Pag. | 15Disconnections – building bridgesThe planning professionals who are specialized in heritage analysis have the recognition from the Register ofUrban Planners but also from the Ministry of Culture (section 2 – urbanism, gardens and parks: A – studiesand research, B – project verification, C – complex project coordinator, D – project coordinator, G –inspection and monitoring of historical monuments).The number of these specialists is very limited both in case of territorial planning (stamp right intitledprotection and development of built heritage – F6) and in case of urban planning documentations (stampright for urban history analysis – G5) and the majority of those professionals having this signature right fromthe register of Urban Planners have obtained it in 2005 and 2006, at the moment of the establishment ofthis organization.These specialists are the ones who talk both the language of “conservation” and the one of “planning”andthey could insure the links between the various categories of professionals to answer the challenge of thedisconnections between the operational approach and the regulatory one which is understood here asclosely related to the disconnections between the technical argument and the political will.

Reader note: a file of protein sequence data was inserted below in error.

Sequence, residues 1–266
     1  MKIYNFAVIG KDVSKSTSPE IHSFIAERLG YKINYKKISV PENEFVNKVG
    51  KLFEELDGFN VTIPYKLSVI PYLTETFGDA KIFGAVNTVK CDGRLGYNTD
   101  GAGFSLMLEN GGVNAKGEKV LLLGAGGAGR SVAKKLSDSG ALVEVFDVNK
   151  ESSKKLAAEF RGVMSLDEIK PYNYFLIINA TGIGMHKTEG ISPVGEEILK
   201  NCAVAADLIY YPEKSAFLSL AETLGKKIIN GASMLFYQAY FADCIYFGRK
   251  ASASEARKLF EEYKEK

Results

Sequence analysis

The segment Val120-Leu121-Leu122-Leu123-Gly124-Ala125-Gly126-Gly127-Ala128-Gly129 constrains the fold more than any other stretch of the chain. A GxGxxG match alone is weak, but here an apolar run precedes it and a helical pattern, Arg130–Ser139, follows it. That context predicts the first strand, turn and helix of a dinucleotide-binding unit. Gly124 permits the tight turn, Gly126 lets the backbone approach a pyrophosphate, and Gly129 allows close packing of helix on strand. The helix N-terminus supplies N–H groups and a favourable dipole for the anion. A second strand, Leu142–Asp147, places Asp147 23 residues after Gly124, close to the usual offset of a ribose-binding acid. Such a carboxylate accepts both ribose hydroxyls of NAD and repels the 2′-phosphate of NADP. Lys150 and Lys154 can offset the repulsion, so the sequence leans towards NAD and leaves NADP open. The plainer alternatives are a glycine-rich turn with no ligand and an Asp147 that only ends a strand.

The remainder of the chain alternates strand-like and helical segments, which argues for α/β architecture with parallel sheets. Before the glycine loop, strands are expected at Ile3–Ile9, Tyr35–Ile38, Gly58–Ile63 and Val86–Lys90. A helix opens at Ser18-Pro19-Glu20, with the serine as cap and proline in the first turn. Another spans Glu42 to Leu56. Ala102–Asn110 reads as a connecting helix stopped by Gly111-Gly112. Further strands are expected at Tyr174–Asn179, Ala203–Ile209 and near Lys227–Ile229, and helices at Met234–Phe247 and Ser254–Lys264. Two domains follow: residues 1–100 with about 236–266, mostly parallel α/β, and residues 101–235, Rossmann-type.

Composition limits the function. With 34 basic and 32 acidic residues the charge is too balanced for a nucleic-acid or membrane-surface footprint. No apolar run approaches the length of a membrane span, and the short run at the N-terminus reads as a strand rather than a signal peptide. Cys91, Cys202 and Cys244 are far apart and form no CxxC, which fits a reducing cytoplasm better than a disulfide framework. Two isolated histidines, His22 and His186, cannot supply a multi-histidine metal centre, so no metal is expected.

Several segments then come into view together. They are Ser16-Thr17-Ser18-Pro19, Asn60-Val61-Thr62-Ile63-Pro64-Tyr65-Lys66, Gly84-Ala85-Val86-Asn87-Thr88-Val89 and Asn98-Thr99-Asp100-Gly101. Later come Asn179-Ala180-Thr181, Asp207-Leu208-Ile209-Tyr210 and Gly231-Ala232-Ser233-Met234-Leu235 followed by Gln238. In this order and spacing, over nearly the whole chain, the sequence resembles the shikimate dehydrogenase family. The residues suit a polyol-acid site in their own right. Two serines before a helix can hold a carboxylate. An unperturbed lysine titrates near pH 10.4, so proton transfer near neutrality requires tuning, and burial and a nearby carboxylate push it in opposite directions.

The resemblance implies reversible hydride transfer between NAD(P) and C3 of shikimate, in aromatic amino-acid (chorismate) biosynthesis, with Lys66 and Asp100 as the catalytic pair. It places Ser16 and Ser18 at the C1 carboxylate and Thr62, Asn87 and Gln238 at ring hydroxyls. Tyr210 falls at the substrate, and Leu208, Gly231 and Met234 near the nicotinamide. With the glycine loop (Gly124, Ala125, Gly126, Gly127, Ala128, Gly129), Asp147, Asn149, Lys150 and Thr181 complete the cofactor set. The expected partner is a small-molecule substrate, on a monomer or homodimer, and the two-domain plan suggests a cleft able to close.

Pag. | 16EU funding and planning for heritageStarting with 2007, the situation tends to improve. The financial resources that can be obtained from theEuropean Union for urban regeneration or valorization of heritage through touristic activities orenvironment protection or rural development are conditioned by the elaboration of planning documents.There are funds for an operational approach. Unfortunately, many management authorities did not requireda spatial approach and it was only through the regulatory side of PATZ, PUG, PUZ that this connection to thespatial approach was insured. In 2007, the Regional Development Agencies were required to deliver Regionaldevelopment Strategies which were again written documents and only rarely they were quoting approvedcounty territorial planning documentations.Now Romania is getting through a process of Regionalization and this will be hopefully helpful in order tomatch spatial approach with the operational one. It is also a moment to reflect on the possibilities ofinsuring better connections through planning instruments that we already have. The financial resourcesshould come to the Regional or Local Public Authorities only with the condition of presenting concreteprograms that bring heritage and development together and that prove a good understanding of what isthat the territory can support and sustain.Planning is hence a process that can bring together the “spheres” of technical argument, of political will andof the common interests of the communities that inhabit those territories